Getting a hose up my butt

MY FATHER HAD colon cancer. He didn’t die of it. A heart attack carried him into the ethers at age 75 back in 1991.

He was in a hospital in Atlanta getting his five-year, remission checkup when he was on the verge of being discharged, cancer-free, just lying in a bed. Bam! Dead. Heart attack.

It’s a good way to go, far better than cancer. But he was only two years older than I am right now. His cancer was found at age 70 via a colonoscopy.

All of which is to say that I have a very close family tie to colon cancer. The medical community therefore recommends that I get colonoscopies on a regular basis. I do not do that. They are unpleasant tests, and I tend to dodge unpleasantries when possible.

This is shortsighted and stupid, of course.

My first colonoscopy took place in Houston in 1997. After I moved to Mexico in 2000, I heard that colonoscopies are done here under full anesthetic, the kind you get with major surgery. Nah, I said to myself.

Instead around 2005, I got a barium enema, which has a reputation of being very unpleasant. It’s no fun, but it’s not horrible either. It’s a good scan of the colon, but it lacks the thoroughness of a colonoscopy.

I was polyp-free. In 2011, I did it again. Polyp-free.

New ImageRecently, I noticed some odd sensations in the nether regions, so I thought maybe I should get another checkup, especially since life was going so well, and I was hesitant to wave bye-bye.

I found a gastro surgeon in the capital city by pure happenstance, which is to say I grabbed a business card from a counter at a hospital. I emailed him, and he answered right back. I told him I would prefer not to have a full anesthetic, so he gave me what I had received in Houston. It’s called “conscious sedation.”*

I did it yesterday. The procedure was done in a small operating room in a huge, new facility called Hospital Victoria. In attendance were a nurse, the gastro surgeon,** an anestheologist in a “Fly Emirates” T-shirt, and the gastro surgeon’s very sharp son, 11,*** who acted as a go-fer.

The anesthetic was not like I remembered it 20 years ago. It immediately shot me into a bizarre world of chaos and colors. It seemed like I was there 30 seconds, but it actually was about half an hour. I came out of it quickly, and my concerned child bride was standing at my side.

I am still polyp-free, but the doc did encounter what was causing the above-mentioned sensations. I return next week to see what can be done about that. With luck, it will be non-surgical.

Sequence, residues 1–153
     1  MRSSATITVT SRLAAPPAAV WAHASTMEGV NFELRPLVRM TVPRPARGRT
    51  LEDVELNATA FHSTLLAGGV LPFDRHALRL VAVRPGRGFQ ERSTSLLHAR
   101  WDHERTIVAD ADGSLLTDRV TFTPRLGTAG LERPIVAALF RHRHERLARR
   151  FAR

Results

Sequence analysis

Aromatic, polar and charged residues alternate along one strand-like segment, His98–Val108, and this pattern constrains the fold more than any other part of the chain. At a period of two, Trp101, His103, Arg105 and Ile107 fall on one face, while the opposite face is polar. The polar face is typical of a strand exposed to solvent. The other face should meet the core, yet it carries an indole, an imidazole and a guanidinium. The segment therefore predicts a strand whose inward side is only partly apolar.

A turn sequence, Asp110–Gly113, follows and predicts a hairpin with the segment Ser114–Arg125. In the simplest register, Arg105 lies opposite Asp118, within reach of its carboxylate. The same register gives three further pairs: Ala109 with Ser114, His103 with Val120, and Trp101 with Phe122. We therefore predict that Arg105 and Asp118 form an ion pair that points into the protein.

Amazingly, the full tab for everything, including the crap you have to drink the previous night to flush your gut, was the peso equivalent of about $400 U.S.

I even received a color DVD of the hose’s full journey up my backside and back again. I have not watched it yet, and likely never will.

I paid cash, as I have done with all medical expenses since moving over the Rio Bravo. I am not in the clutches of ObamaCare.

Or Medicare either, for that matter.

Aging is no fun, but what can you do?

* * * *

* Why it’s called that is beyond me. I was not conscious at all, but you do come out of it very quickly and with little hangover.

* * Dr. Angel Arroyo, Office 1005, Hospital Victoria.

*** How many doctors take their sons to work in the United States?  They’d likely lose their licenses.

36 thoughts on “Getting a hose up my butt

  1. Excellent outcome, everything considered. Life for the aged is a ragged thing. Congratulations on your success and may blessings continue on your household.

    You have a rare ability to share. More of us should try it.

    Saludos, señor!


  2. Good for you on all fronts, or should that be bottoms? I think men are better at getting these procedures than women. We get poked and prodded for all sorts of things, and I know some of us draw the line at the “scope.” I will ask around and listen to what some other women are saying about this lifesaving procedure.


    1. Peggy: The procedure itself was not that bad due to my being blasted into lala land. I ate nothing solid, however, for about 36 hours, which was very unpleasant. That could have been reduced considerably had the gastro surgeon done my test around 9 a.m. yesterday. Instead it was done about 1 p.m. It was typical Mexican slow-go. I fault him for that, but only for that. The stuff you drink the previous evening to clean your gut is less disagreeable than it was even seven years ago when I did the barium enema. Things are improving.


        1. Ms. Shoes: Just couldn’t help yourself, could you? As for my being full of it, quite a few folks think that. They are Bernie supporters and Hillary-ites. One must consider the source.


  3. My son has mild ulcerative colitis, a genetic thing, and though he is much younger, he needs the peeper up the pooper every couple of years as recommended for that condition. It’s not curable but can be in remission forever, sometimes.


    1. Carole: That too is one of a couple of things the doctor found inside me, some of which will be addressed starting next week. Not fatal, I imagine, just inconvenient, a pain in the butt, literally. I can blame it on old age when many things start to pop up. Sounds like your son just had some additional bad luck.


  4. Glad you got the clean bill of health. I was thinking I should undergo the procedure myself until my 80-year-old aunt had it, and they ripped her intestine, so three months with a colostomy bag. Not good. I have no idea whether colon cancer or anything else is associated with my family as I was adopted at birth.
    That may change next week when I’m going across the country to meet my 87-year-old birth mother and two half sisters. I talked to them all on the phone, and they seem “normal” (yeah, right). Through my mom, I discovered the name of my birth dad who was an American (died at 85 in 2009), and I’ve got three more half siblings there. Pretty crazy for an only child like me.


    1. Brent: The intestine rip for the 80-year-old is a classic example of how risks (of just about any health procedure) increase with age. It’s a dilemma.

      Buena suerte with meeting the family. That should be interesting, to put it mildly. Might want to get a health history while you’re with them. Could come in handy.


  5. I am glad you got your test done. The last one I had I swore I would NEVER go through that prep work again, and I don’t think I will. I have a family history of polyps. I am 72. My mom died at 72 from metastatic brain cancer. It began in her uterus. She had cardiomyopathy like I do. My dad died from a heart attack at 52, I had my first heart attack at 53. I hope I go like your dad!